Review: Mean and touchy-feely, James Bond is back on track in Skyfall



Celebrating 50 years in the business, 007 is looking 00K in Skyfall, still lean and mean, quick on his feet, contemporary but not afraid to look back.

It gets off to a flyer with a long and elaborate chase, then keeps the pedal floored in a series of dynamic set pieces that show off director Sam Mendes's technical expertise and his understanding of what's required in a James Bond picture. It looks spiffy, largely thanks to Roger Deakins's crisp photography, and gets the franchise back on track after the cheerless Quantum of Solace threatened to derail the show. It also has a top villain, one of the great Bond baddies, in Javier Bardem.

And yet something about it prevents me from joining the loud "wahoos" already raised in acclaim. Enjoyable as it is, there are creaks and judders in the machinery that suggest the film-makers' nervousness about Bond and about his long-term appeal. Most notable is an uncertainty as to how far they should humanise a spy who has operated, necessarily, "in the shadows". Take away those shadows and, like a vampire at dawn, his substance may shrivel in the light. Skyfall belatedly clues us into a backstory explaining 007's emotional reticence and his professional psychopathology, but I think that is to mistake what the audience seeks in Bond – they don't want to know about his mother and father, they want to know if he can still deliver a great one-liner while dodging an oncoming train.

Did I say vampire? Our hero, if not undead, does appear to have given up the ghost at the end of that opening chase. Who could have survived a sniper's bullet and a 1,000ft plunge into the deep? Bond, that's who. When he reappears in London months later, even M (Judi Dench) appears mildly surprised. If he looks shaken and stirred, M's case is a lot worse. Not only is MI6 about to retire her, she's also under attack from a fiendish cyber- terrorist with a grudge: "Think on your sins," is his signature warning. Before she can even collect her P45 her office is firebombed in broad daylight. The villain has also stolen a hard drive containing a list of Nato agents, which he intends to leak online in weekly installments. "I'll go home and change," says Bond, snapping into action. "Oh, we've sold your flat," replies M – standard procedure for an operative Missing Presumed Dead. Charming!

Bond is put through rigorous tests by his employers before returning to the field, and his marks aren't good. Doubts are voiced about his nerve, his sharpshooting, even his age. "This is a young man's game," warns new MI6 taskmaster (Ralph Fiennes), which is harsh on Daniel Craig. At 43, he appears in excellent fettle, his silhouette slim and his movement graceful. He looks terrific in a tux. The one thing missing from his armoury, alas, is a sense of humour. The scriptwriters have supplied some good gags here, but Craig is too clenched an actor to make the most of them. Say what you like about Roger Moore, he knew how to time a quip. I liked the assignation with new quartermaster, Q – Ben Whishaw looks like the nerdy one on the wing of a University Challenge team – and the austere back-to-basics package he presents to Bond: a gun, and a radio. "Not exactly Christmas, is it?" says James. "What were you expecting – an exploding pen?" (Actually, yes, we were.) There's another flash of retro-gadget comedy later on when Bond recovers his old motor – a moment too good to spoil.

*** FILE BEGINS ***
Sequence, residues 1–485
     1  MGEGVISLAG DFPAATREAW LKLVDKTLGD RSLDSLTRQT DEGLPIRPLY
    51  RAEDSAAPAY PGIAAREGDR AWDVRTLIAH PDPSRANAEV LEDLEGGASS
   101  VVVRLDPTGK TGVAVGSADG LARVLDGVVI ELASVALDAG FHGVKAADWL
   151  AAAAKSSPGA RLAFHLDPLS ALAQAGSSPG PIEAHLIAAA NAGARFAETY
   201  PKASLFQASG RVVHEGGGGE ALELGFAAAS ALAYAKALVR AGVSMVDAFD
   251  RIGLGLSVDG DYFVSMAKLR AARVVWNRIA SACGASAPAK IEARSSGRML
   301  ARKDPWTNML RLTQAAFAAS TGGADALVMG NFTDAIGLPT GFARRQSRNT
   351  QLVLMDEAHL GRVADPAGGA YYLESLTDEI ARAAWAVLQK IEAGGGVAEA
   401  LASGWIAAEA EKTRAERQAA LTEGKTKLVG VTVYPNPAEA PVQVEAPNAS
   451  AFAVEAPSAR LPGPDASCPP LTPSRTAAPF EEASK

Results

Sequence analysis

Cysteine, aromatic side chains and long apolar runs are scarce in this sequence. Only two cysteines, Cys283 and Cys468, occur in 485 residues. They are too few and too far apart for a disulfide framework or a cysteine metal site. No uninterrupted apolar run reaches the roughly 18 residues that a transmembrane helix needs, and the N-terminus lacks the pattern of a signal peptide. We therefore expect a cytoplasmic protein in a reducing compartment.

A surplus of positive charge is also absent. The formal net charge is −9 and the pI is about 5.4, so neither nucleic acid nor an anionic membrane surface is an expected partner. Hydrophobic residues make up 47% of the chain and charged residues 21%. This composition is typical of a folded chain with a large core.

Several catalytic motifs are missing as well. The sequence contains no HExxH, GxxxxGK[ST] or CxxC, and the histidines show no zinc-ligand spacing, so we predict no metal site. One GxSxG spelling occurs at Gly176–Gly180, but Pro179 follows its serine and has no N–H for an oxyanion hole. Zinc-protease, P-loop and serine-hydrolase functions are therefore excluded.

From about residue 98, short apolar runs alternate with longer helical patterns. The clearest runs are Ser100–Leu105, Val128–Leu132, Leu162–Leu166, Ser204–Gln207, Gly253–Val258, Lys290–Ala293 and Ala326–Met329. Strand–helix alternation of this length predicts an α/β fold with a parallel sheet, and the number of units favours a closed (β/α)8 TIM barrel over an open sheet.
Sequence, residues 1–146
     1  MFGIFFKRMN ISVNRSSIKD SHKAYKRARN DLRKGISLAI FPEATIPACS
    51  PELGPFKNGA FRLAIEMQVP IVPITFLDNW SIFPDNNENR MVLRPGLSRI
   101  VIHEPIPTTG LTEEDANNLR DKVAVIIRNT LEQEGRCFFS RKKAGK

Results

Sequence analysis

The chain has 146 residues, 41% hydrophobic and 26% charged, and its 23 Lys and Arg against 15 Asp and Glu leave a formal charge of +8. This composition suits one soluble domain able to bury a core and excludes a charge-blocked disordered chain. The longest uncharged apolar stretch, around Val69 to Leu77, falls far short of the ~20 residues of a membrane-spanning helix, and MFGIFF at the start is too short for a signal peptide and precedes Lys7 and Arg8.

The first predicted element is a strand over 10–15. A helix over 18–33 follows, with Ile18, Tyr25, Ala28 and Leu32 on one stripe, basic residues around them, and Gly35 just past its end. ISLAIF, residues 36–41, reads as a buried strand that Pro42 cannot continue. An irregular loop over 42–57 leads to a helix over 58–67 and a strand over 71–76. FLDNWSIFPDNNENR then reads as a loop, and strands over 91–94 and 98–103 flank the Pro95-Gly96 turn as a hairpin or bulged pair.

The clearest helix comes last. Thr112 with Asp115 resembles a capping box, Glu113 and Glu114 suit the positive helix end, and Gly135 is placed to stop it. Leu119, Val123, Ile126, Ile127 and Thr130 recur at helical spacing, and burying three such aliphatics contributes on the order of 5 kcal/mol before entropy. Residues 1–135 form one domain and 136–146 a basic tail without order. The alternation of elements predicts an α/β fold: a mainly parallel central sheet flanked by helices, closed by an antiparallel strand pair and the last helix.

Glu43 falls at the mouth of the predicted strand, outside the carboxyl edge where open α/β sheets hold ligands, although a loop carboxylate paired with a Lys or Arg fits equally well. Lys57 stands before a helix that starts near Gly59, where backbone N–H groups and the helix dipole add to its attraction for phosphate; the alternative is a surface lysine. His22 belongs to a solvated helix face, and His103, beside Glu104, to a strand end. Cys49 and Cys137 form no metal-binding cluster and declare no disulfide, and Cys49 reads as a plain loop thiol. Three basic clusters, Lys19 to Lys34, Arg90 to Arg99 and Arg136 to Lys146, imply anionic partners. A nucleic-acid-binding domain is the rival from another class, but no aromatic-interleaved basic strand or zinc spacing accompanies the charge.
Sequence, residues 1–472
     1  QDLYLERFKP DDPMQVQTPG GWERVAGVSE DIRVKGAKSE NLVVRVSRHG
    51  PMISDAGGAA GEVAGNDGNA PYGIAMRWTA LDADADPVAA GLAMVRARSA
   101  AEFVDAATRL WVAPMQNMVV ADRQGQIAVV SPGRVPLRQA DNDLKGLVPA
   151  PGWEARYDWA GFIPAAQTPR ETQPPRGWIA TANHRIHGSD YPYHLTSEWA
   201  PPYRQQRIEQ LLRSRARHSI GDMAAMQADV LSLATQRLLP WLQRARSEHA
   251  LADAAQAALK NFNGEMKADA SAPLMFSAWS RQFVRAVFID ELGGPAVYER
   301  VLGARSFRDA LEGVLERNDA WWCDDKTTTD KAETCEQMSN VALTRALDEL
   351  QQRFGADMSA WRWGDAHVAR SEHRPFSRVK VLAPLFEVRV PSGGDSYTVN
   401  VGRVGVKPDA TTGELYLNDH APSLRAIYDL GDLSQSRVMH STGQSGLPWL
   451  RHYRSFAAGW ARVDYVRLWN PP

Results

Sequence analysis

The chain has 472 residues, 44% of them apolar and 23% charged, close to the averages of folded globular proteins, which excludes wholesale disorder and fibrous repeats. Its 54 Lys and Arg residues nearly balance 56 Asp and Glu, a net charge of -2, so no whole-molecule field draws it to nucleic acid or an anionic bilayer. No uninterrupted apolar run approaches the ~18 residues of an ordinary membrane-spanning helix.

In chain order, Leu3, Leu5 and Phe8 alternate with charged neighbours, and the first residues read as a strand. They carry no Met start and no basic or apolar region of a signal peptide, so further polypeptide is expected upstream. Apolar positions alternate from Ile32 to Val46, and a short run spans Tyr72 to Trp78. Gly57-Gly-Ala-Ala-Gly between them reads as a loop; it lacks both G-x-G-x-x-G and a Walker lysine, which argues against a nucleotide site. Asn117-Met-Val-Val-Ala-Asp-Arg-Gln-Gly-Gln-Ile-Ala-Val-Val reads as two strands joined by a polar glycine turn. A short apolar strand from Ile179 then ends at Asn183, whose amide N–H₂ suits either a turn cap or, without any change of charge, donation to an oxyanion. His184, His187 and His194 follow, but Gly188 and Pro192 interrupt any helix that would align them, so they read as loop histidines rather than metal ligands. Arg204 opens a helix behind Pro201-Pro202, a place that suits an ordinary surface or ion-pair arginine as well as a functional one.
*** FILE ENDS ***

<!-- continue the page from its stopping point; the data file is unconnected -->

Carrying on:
Mendes keeps the thing rocketing along, switching from the rooftops of Istanbul to the glittering scrapers and gambling dens of Shanghai, where Bond makes contact with a mysterious woman (Bérénice Marlohe). The sex? Blink and you miss it; this Bond has his mind on The Job, not the job. In any case, the real erotic encounter involves not a woman but a man. Behold Raoul Silva (Javier Bardem), a former MI6 agent sold down the river by M ("Mommy was very bad"), returning to eat revenge's cold dish after surviving his own cyanide capsule. Bardem thoroughly enjoys himself, inserting camp little moues between his words and treating Bond to the sort of feel-up he probably hasn't experienced since public school. "What's your regulation training for this?" Again, Craig hasn't the lightness of touch to make it a comic duet, but it's OK because Bardem has enough mischief for two. He also does that sinister thing of smiling through his own captivity – you just know he's got a fabulous escape plan.

It's all set up for a big finale, with Bond playing Galahad to his old boss and reuniting with an aged retainer somewhere on a moor in Scotland. Unfortunately, it turns out to be the least successful part of the movie, not merely because it's overlong but because it tries to situate Bond as a man in touch with his feelings, as son and heir, almost "one of us". Next thing you know he'll be stopping his glottals and claiming he's a straight kinda guy. The film-makers should beware of this. I don't want Bond with a back story, I want him to be a man alone, dark, self-possessed, egregious – literally, "outside the flock". Craig may not be able to offer much in the way of charm or humour, but he knows how to hang tough. Banish his darkness and Bond becomes your standard action man, another rooftop-leaper and street- runner à la Jason Bourne. His name's Bond – James Bond – and that's all the information we need from him.

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